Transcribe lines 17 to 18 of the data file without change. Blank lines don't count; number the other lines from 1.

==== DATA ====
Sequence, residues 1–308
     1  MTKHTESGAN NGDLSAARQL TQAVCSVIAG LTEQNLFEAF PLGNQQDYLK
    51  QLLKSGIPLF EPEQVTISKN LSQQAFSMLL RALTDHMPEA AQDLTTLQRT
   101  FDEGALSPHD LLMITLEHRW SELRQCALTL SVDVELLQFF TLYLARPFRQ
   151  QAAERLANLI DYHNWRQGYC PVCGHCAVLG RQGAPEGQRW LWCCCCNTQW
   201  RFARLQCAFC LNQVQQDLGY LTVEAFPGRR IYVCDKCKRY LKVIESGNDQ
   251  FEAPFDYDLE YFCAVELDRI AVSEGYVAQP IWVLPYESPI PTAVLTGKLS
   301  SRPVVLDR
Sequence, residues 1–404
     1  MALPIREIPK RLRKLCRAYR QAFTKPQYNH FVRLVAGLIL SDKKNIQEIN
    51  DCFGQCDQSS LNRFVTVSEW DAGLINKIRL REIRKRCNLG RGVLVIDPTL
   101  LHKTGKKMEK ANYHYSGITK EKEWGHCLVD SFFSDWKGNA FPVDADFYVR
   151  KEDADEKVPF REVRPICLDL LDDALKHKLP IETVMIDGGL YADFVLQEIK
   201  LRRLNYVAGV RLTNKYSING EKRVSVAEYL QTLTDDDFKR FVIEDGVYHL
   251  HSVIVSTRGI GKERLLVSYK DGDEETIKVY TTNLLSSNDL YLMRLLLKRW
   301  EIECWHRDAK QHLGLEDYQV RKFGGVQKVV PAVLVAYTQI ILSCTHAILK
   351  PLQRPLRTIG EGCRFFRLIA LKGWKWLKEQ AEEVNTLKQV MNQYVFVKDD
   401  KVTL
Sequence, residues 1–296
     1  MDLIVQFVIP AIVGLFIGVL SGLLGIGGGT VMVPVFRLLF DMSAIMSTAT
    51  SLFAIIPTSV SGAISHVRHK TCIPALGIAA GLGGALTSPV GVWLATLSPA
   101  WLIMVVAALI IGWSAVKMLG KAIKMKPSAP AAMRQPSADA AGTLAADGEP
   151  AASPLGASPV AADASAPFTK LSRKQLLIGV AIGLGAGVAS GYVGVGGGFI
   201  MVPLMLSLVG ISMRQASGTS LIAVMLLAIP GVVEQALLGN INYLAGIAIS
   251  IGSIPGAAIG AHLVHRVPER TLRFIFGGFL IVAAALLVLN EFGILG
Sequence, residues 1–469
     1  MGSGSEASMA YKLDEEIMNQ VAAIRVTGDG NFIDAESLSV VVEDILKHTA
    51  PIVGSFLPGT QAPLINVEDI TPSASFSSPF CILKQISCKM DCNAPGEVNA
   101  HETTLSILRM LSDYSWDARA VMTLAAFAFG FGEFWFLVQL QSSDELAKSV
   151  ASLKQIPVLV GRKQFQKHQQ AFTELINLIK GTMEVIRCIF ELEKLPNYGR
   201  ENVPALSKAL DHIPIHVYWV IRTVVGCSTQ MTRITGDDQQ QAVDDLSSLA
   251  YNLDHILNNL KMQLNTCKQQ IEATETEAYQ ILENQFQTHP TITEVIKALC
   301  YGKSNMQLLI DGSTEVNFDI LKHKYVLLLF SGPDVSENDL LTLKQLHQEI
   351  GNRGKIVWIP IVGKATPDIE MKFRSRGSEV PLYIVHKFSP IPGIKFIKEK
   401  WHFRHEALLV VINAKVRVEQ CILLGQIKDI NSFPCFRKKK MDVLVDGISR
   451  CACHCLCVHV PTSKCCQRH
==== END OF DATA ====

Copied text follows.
   351  PLQRPLRTIG EGCRFFRLIA LKGWKWLKEQ AEEVNTLKQV MNQYVFVKDD
   401  KVTL